The FSA has today published the first set of quarterly results from a new survey of Campylobacter on fresh shop-bought chickens. The results show 59% of birds tested positive for the presence of Campylobacter. In 4% of samples Campylobacter was identified on the outside of the packaging.
Campylobacter is killed by thorough cooking, however, it is the most common form of food poisoning in the UK, affecting an estimated 280,000 people a year. The majority of these cases come from contaminated poultry. Advice for consumers on safe preparation and cooking of chicken can be found at the link below.
Previous studies carried out into the prevalence of Campylobacter have also shown around two thirds of raw poultry carries Campylobacter.
The 12-month survey, running from February 2014 to February 2015, is looking at the prevalence and levels of Campylobacter contamination on fresh whole chilled chickens and their packaging. The survey will test 4,000 samples of whole chickens bought from UK retail outlets and smaller independent stores and butchers. Today’s results are for the first quarter and represent 853 samples.
Catherine Brown, FSA Chief Executive, said:
'This survey is an important part of the work we are doing to tackle Campylobacter. It will give us a clearer picture of the prevalence of Campylobacter on raw poultry sold at retail and help us measure the impact of interventions introduced by producers, processers, and retailers to reduce contamination.
'The chicken supply chain is looking at how interventions such as improved biosecurity on farms, rapid surface chilling, and anti-microbial washes can help reduce Campylobacter. So when they take action and invest in interventions designed to make a difference, these survey figures will enable us to see if they really do make an impact.
'The low levels of contamination found on packaging, shown in the results released today, potentially indicate the effectiveness of the leak-proof packaging for poultry introduced by most retailers, which helps to reduce risks of cross contamination in consumers’ kitchens. There is still a lot more to be done by all elements of the supply chain to ensure that consumers can be confident in the food they buy.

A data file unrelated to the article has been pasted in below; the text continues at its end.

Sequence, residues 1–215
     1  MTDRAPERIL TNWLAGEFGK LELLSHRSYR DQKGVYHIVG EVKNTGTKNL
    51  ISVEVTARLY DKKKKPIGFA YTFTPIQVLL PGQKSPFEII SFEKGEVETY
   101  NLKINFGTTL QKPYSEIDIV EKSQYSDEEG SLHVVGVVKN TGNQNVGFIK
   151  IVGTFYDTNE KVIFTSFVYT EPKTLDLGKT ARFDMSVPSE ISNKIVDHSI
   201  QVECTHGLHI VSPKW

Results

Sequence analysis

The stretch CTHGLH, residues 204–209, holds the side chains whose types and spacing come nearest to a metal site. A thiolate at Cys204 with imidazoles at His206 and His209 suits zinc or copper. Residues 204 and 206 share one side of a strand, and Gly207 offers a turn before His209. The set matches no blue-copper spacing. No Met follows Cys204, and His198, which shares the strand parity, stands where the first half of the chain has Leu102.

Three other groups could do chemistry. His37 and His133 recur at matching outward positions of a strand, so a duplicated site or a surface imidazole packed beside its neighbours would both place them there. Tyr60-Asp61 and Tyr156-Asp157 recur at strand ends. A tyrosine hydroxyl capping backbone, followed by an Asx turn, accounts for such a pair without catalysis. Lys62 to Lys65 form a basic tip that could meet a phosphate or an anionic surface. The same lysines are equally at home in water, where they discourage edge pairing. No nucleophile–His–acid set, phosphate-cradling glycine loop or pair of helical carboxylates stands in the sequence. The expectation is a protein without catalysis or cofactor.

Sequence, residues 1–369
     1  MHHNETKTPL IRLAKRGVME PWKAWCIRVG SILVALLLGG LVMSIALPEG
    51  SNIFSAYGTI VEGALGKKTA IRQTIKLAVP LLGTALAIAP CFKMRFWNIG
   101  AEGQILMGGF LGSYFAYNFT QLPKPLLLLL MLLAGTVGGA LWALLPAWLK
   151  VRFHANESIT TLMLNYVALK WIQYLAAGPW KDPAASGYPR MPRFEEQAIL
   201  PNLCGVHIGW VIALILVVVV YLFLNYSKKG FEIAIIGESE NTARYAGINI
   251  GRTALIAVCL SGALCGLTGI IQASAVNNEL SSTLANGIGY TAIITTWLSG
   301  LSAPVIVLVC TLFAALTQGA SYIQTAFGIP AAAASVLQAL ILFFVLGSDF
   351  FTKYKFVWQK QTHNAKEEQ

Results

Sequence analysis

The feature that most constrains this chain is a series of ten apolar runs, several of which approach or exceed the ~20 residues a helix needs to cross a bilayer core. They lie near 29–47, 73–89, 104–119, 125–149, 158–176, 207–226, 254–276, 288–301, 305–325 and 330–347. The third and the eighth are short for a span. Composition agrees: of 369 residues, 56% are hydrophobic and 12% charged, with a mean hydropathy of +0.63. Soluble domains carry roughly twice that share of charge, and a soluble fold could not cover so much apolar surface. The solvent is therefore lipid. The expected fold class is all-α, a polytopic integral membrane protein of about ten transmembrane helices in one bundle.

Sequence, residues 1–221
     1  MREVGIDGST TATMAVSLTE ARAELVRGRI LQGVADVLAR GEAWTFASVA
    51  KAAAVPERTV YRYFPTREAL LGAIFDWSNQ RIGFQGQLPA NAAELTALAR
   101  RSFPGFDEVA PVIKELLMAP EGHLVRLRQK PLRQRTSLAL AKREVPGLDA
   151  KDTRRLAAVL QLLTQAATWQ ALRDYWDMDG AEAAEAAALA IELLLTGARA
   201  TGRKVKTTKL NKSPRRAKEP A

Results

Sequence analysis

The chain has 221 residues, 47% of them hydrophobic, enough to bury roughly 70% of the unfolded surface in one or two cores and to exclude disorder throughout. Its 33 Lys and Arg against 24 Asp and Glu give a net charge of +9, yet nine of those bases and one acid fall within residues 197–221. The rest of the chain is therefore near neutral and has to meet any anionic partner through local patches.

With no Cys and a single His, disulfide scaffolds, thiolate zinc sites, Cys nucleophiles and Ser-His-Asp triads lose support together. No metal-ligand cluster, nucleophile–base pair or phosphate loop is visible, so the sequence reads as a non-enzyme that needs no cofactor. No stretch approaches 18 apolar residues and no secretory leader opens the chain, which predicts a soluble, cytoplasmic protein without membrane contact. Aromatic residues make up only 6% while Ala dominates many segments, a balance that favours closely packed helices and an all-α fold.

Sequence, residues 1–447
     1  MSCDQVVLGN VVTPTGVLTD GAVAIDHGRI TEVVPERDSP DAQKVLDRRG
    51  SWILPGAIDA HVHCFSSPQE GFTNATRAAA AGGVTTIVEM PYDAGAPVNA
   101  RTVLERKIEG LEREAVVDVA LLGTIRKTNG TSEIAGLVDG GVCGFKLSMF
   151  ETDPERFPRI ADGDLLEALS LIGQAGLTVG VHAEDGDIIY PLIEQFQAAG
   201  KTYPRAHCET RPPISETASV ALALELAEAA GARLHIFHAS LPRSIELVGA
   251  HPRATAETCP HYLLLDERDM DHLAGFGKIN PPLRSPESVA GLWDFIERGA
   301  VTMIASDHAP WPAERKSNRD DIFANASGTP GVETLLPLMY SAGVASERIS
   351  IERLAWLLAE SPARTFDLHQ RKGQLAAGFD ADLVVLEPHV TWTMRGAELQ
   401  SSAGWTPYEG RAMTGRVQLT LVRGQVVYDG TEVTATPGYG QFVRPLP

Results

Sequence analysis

'As soon as we have enough data to robustly compare campylobacter levels in different retailers we will share that data with consumers.'
The results are in two parts: a figure for the contamination levels on each bird, taken from the neck flap, and expressed as cfu/g (colony forming units per gram), and contamination of the outside of the packaging.
The first quarter results show 59% of birds tested positive for the presence of Campylobacter with 16% of birds tested at this stage of the survey indicating the highest level of contamination of >1000 cfu/g.
To note, 10cfu/g is considered the limit of detection for Campylobacter so only contamination found above that level can be confirmed as a positive. The <10 band includes negative results.
Chicken is quite safe as long as consumers follow good kitchen practice:
Cover and chill raw chicken - Cover raw chicken and store at the bottom of the fridge so juices cannot drip on to other foods and contaminate them with food poisoning bacteria such as Campylobacter.
Don’t wash raw chicken - Cooking will kill any bacteria present, including Campylobacter, while washing chicken can spread germs by splashing
Wash used utensils - Thoroughly wash and clean all utensils, chopping boards and surfaces used to prepare raw chicken. Wash hands thoroughly with soap and warm water, after handling raw chicken. This helps stop the spread of Campylobacter by avoiding cross contamination.
Cook chicken thoroughly - Make sure chicken is steaming hot all the way through before serving. Cut in to the thickest part of the meat and check that it is steaming hot with no pink meat and that the juices run clear.